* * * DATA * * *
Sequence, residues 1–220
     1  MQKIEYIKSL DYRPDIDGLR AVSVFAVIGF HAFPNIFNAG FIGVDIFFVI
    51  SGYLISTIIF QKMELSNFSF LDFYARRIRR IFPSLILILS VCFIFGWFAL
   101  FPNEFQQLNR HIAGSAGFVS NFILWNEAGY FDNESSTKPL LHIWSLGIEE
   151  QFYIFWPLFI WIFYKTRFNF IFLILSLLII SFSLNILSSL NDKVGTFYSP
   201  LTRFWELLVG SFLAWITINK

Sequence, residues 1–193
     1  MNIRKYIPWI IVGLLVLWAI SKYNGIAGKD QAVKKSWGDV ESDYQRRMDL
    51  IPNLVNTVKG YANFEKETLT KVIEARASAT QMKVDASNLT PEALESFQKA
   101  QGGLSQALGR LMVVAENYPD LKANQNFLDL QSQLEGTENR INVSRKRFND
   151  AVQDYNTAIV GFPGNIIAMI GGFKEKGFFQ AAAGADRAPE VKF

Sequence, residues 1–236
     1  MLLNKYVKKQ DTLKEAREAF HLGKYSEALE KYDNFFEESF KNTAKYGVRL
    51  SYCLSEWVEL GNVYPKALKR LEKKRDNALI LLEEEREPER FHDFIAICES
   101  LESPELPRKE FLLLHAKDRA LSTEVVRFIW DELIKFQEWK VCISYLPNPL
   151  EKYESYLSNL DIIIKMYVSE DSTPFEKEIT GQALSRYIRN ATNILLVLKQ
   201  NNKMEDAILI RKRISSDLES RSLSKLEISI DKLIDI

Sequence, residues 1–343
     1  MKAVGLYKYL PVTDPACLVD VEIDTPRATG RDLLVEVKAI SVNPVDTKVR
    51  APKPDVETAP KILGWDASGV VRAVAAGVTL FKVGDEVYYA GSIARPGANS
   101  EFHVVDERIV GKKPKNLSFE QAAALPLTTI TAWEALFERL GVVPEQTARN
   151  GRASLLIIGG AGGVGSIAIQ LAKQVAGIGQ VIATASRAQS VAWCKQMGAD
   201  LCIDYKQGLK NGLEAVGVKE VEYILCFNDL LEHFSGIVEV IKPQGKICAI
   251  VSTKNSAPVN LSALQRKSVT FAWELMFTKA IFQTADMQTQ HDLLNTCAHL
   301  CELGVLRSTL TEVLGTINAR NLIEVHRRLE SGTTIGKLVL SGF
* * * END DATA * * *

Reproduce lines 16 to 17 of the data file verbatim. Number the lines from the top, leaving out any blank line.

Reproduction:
   151  EKYESYLSNL DIIIKMYVSE DSTPFEKEIT GQALSRYIRN ATNILLVLKQ
   201  NNKMEDAILI RKRISSDLES RSLSKLEISI DKLIDI